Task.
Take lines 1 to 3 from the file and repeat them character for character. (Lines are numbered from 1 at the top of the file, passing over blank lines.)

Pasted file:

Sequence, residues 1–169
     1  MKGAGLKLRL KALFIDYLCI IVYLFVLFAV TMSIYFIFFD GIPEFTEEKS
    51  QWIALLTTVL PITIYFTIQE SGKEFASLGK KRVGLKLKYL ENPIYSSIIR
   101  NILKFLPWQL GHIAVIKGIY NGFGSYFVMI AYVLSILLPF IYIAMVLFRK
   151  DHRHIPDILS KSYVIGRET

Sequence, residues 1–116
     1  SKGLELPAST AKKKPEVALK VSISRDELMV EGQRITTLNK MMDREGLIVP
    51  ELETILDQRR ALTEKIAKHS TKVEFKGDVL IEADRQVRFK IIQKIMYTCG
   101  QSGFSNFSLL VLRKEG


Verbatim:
Sequence, residues 1–169
     1  MKGAGLKLRL KALFIDYLCI IVYLFVLFAV TMSIYFIFFD GIPEFTEEKS
    51  QWIALLTTVL PITIYFTIQE SGKEFASLGK KRVGLKLKYL ENPIYSSIIR